Thanks for the kind words!

Yes, many, many times.

Been there, failed miserably (at least for now).

Well, she’s met lots of them in NA and AA. Her sponsor is on the other side of rock bottom. In fact, my daughter was just telling me about a friend of hers in NA, we’ll call him T. I’ve met T. Young, good looking, missing a leg. He got real stoned out on heroin one night, collapsed, something fell on top of him, doing permanent nerve damage and necessitating removal of the leg. Well, just recently, T went back out. He was pulled over by a cop, had something on the order of $2,000.00 worth of crack in the vehicle, and thousands of dollars in cash in his wallet. He’s in prison now, and likely to stay there for awhile.

You know, some people, you can say “Don’t touch that stove; I did that once, and it’s hot!” and they’ll believe you. Others don’t believe any reality until it becomes their personal reality. I fear my oldest is like that. So far, she shows no signs of being able (or willing) to learn from the mistakes of others.

I’m so sorry y’all are going through this. I don’t want to give too much info, but I had similar problems as a teen and young adult (though no drugs). I had a short stay in the psych hospital before figuring out the right meds for me, and then many years with a good therapist before I finally straightened out. I think what it came down to was I just needed to grow up. I eventually finished college, I’ve been employed at the same job for nine years, and I’m happily married with two kids and (honest to god) a house with a white picket fence. I agree with your commitment to stop bailing her out, and I just want to encourage you not to give up on her, ever, even if she gives up on herself. Good luck.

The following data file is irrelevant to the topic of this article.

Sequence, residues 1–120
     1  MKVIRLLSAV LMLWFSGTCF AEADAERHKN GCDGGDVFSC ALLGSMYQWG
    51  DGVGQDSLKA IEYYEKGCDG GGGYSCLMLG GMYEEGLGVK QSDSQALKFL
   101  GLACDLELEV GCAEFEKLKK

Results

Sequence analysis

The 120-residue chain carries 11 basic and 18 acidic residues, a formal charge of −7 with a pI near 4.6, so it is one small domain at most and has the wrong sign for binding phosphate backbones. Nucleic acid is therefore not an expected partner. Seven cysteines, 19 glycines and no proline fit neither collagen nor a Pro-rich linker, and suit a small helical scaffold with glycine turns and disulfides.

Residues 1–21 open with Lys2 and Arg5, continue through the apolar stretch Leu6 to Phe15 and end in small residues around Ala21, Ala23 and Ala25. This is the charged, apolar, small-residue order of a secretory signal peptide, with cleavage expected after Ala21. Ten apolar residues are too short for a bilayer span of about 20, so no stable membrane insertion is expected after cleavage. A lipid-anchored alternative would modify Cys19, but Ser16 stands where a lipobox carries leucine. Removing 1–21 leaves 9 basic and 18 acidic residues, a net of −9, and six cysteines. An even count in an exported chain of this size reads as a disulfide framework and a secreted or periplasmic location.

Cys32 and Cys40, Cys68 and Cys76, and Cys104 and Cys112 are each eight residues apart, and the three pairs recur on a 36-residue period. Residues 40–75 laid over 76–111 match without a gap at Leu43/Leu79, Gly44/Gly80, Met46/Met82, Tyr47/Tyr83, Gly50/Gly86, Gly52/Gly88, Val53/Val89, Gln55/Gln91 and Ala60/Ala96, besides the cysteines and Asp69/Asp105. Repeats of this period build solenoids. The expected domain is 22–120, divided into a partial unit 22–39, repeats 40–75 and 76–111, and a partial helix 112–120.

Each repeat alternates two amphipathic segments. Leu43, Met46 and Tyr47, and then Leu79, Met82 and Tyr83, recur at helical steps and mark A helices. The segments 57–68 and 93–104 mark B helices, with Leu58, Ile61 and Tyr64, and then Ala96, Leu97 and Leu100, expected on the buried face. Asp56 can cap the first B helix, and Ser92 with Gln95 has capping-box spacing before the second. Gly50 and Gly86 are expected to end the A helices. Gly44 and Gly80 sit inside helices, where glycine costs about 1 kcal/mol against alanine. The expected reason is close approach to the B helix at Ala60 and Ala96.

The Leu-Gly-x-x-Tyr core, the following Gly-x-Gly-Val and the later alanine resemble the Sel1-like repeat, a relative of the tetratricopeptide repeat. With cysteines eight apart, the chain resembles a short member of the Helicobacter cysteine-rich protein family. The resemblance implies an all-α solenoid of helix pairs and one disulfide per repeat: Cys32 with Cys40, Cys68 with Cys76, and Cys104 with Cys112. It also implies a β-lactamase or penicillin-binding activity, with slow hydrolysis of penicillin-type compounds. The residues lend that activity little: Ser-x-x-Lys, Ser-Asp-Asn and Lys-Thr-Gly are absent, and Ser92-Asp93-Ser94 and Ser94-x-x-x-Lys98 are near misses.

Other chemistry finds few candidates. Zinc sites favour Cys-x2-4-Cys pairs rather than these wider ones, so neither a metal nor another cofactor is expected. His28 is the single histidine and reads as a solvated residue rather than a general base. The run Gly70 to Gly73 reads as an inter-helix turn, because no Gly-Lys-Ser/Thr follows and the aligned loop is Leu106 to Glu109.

norinew, I can’t even begin to comprehend what you’re going through. You have such amazing strength and courage of character. admires wholeheartedly

Emony (may I call you “Emony”?), I’m glad your story has a good outcome. I hope my daughter’s does, too. Thank you for the hope!

Kytheria, I don’t know how much of that admiration is warranted, really. I’m just doing what’s in front of me that needs to be done, is all. I think that’s what most folks do. But thanks anyway! :slight_smile:

Good. A family that I am aquainted with was like this. Daughter was addicted to painkillers, and stopped only recently (she’s in her 20’s). She started to get better when daddy stopped doling out the cash.

Wow. That’s awful.

Did she at least get the makeup?


So sorry to hear about this latest chapter.

My mother’s therapist (the one who really helped her turn her life around) was very religious in a quiet way, and she insisted on holding Mom accountable and on helping her face her failures. She always said that problems come down to an issue of faith. I have found that to be true more often than not. I don’t know if that’s useful for a teenager to consider, but it sounds like you’re going there yourself. I hope it serves you well.

Aw, Norine, that sucks. Even when you knew something like this (or worse) was coming, and had mentally prepared yourself for this day.

But you’re absolutely right, you’re doing what’s best for her by doing nothing to bail her out. No way to tell when she’ll figure out that it’s up to her to save herself, but she won’t figure it out as long as you’re there to rescue her.